Litter, soil rich in humus, rotten logs; in forests, usually in mesic, diffusely lightened places; 0--600(--1300) m; B.C.; Alaska, Calif., Idaho, Mont., Oreg., Wash.; endemic.


Kindbergia oregana differs from the most common morphotype of K. praelonga in its more robust stature and simple branches, but the same characters differentiate “typical” K. praelonga from K. praelonga var. stokesii. The latter can be differentiated from K. oregana by occasional sympodial branching and branch leaves up to 0.6(--0.65) mm wide, not 0.7--0.9 mm, as commonly can be found in K. oregana. In addition, the branch leaves of K. oregana are usually distinctly plicate and the laminal cells are narrower and more thin-walled.


2. Kindbergia praelonga (Hedwig) Ochyra, Lindbergia 8: 54. 1982


Hypnum praelongum Hedwig, Sp. Musc. Frond., 258. 1801; Eurhychium brittoniae Grout E. praelongum (Hedwig) Bruch, Schimper & Gümbel, E. praelongum var. stokesii (Turner) Dixon, E. praelongum var. californicum Grout, Kindbergia brittoniae (Grout) Ochyra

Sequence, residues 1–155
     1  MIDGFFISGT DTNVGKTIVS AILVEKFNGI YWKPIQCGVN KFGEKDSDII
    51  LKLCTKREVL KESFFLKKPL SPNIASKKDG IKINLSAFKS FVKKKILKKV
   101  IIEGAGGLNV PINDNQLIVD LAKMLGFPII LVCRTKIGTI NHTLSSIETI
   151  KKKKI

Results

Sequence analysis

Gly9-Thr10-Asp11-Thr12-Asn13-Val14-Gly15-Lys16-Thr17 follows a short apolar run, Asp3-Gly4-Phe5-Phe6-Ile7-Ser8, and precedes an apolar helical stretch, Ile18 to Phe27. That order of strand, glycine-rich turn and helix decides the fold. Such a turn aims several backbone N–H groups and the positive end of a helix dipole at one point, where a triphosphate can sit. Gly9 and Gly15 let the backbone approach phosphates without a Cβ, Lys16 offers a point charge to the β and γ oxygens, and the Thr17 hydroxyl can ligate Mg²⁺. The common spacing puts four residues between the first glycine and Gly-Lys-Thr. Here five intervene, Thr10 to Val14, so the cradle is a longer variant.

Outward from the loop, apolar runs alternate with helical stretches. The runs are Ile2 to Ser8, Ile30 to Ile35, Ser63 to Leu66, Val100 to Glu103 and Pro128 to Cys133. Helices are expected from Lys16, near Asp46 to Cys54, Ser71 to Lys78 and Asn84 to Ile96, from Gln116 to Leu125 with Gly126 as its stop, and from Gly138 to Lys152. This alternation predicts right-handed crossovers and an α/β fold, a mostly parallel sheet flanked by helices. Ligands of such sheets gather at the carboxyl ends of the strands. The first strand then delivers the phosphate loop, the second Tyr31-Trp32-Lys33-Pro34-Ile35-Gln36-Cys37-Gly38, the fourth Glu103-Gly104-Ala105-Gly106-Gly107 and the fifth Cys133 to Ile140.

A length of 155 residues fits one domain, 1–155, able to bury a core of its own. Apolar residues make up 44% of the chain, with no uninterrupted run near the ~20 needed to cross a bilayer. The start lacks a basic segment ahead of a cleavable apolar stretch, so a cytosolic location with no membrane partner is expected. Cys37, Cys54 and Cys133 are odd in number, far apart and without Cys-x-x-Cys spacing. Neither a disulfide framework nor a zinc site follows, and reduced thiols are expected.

Plants medium-sized to moderately robust, usually green, rarely yellow-green. Stems 3--10 cm, often with sympodial branching; pinnate branches 6--10(--20) mm long, often with secondary branches. Stem leaves 0.7--1.4 x (0.5--)0.7--1.2 mm; mid-laminal cells 20--75 x 5--6 \um. Branch leaves (0.3--)0.6--1.2 x (0.1--)0.25--0.4(--0.65) mm. Seta 15--25 mm. Spores 12--17 \um.


Soil in mesic to wet places, usually in or near forests; 0--2000(--2560) m; B.C.; Alaska, Calif., Idaho, Mont., Nev., Oreg., Wash.; Mexico; Central America; South America; Atlantic Islands; Europe; w Asia; n, s Africa; Australia; Pacific Islands (New Zealand).